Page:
4. Smuggling of Contrabands: (untaxed cigarettes and alcohol) is a common occurrence over most borders. The smuggling of contraband goods and undocumented aliens is usually done with the connivance of border personnel (customs & immigration). Auto theft—in Nigeria, is also a serious matter mostly along Benin Republic is on a high side to the level that over 100 vehicles are usually stolen in Nigeria per month to neighboring countries, mainly Land Cruisers, four wheel drives, Mercedes-Benz, Toyota and BMWs. The criminals steal and smuggled these vehicles across the borders with Nigeria each month. This is done with the assistance of border communities who “hide the vehicles and provide information on local law enforcement patrols” for a fee of between $150- 200 and Naira as the case may be.


  • Lack of political will and commitment of resources to effectively manage borders.
  • Lack of cooperation within departments, between departments and between countries.
  • Inadequate personnel available for deployment on the borders.
  • Inadequate skills of personnel deployed to manage borders.
  • Poor motivation among border personnel.
  • Lack or poor intelligence sharing between agencies and countries.
  • Lack of facilities and equipment to secure and manage borders.
  • Lack of office spaces & accommodation for border patrol & control personnel (dilapidated houses with collapsing walls and leaking roofs).
  • Poor and inadequate communication channels—most of the border management personnel do not have the basic communication means such as radios or even mobile phones.
  • Lack of transport and roads along borders to enable patrols.
  • Poorly controlled and managed border points due to absence of offices.
  • Poorly demarcated borders; as pointed out above, more than 75% of African boundaries are poorly marked or unmarked.
  • Illegal border crossing points, usually called “mice or rat routes,” are used by smugglers who charge a fee ranging from $15-100 depending on the difficulty of terrain and presence of border security personnel.
  • Porosity of borders: “The porosity of the land borders is perceived by some as a danger and vulnerability, but for the borderland communities it is an essential part of their very mode of transnational existence, of their social and economic life and of the cultural uniqueness that conform to their identity and livelihoods.
  • Presence of cross-border communities that are difficult to administer and often uncooperative in managing borders. Some borders, particularly in Eastern African, have become almost unmanageable due to the lifestyles (gun culture) of pastoralist border communities.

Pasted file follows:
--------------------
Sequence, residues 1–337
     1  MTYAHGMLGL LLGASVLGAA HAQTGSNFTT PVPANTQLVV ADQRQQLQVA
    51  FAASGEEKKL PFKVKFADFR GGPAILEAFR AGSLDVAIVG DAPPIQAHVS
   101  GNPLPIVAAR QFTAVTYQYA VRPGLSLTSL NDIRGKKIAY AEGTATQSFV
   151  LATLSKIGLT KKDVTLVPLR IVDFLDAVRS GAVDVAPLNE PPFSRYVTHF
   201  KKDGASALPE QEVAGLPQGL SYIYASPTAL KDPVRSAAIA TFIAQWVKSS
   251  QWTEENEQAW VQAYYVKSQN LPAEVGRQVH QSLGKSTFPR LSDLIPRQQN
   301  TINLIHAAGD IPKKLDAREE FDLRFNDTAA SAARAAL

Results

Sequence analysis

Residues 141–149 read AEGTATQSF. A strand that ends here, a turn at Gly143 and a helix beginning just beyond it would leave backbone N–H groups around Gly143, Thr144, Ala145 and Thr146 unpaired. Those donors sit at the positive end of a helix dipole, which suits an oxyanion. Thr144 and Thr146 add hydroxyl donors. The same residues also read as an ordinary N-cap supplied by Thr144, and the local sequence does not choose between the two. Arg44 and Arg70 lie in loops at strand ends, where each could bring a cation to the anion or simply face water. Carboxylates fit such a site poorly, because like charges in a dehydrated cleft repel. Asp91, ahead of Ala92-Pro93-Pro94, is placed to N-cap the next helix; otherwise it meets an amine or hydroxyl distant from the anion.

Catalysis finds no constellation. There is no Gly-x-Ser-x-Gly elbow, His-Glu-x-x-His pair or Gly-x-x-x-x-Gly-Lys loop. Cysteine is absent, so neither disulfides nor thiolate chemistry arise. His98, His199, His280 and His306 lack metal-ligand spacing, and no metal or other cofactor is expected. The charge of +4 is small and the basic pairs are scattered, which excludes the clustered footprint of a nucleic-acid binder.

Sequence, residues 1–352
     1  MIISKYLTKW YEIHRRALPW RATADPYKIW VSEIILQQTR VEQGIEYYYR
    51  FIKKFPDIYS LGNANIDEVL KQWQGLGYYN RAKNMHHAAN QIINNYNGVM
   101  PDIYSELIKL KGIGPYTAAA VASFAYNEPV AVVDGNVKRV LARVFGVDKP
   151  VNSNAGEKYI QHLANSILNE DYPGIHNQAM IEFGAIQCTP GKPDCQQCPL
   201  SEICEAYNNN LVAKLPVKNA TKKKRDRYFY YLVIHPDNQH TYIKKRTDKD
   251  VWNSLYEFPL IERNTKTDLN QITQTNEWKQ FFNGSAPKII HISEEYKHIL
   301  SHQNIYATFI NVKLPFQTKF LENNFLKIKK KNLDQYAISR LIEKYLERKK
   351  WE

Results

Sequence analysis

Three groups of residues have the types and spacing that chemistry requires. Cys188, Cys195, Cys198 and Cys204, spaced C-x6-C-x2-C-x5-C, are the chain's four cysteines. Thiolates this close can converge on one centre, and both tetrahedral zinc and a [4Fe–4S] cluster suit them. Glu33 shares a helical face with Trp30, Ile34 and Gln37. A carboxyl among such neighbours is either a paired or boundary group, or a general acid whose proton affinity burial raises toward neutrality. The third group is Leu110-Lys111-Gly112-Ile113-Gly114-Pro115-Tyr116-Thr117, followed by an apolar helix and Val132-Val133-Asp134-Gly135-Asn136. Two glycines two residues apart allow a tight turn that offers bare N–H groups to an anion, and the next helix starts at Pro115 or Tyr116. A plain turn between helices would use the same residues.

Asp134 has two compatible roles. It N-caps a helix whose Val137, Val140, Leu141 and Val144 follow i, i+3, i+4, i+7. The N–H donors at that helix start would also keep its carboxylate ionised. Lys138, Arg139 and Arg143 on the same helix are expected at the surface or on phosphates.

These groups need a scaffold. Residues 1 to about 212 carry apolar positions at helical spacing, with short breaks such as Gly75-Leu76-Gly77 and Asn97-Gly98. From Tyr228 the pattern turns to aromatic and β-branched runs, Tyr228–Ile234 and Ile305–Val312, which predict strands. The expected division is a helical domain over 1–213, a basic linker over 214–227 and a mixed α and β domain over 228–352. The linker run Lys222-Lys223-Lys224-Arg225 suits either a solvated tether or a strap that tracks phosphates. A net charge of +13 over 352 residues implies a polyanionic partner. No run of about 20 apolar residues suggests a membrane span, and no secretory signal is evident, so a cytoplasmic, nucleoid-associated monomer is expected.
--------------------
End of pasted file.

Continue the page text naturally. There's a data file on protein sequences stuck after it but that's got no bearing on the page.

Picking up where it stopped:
• Lack or non-functioning border commissions.

High-level corruption, most of the border security in Nigeria and environ are highly corrupt. Many of the security officers have been accused, such as immigration officials of selling passports to foreigners and police of fleecing passengers at checkpoints.


Cross-border crimes contribute significantly to the destabilization of political, economic and social activities in the ECOWAS sub-region. Transnational criminal activities in West Africa are rather one of the symptoms of larger underlying structural problems than the cause of insecurity. Over the years, Nigeria has initiated measures to check firearm proliferation. The Firearms Act of 1959 (amended) spelt out prohibitions on use, exemptions, licensing before possession, manufacture and sales of firearms, including punishment for offenders. There are also laws against robbery and use of firearms for the same purpose as well as committees to check proliferations. Regional coordination has improved in many areas. For examples, regarding small arms (Convention on small arms and light weapons, their ammunition and related materials, June 2006), human trafficking (Plan of action and declaration) and narcotics (the newly established ECOWAS Drug Control Unit). It has also focused on terrorism, under the auspices of ECOWAS, with the recent adoption of the regional Counter Terrorism Strategy and Implementation Plan. However, it results from the absence of significant improvement of these problems that “…the underlying factors contributing to the outbreak of these crimes as well as the complex linkages between them” have not yet been sufficiently addressed. This is necessary to achieve significant improvement of these problems. Nigeria’s borders are “very porous” and the current 20,000 customs personnel in the country are inadequate to police them.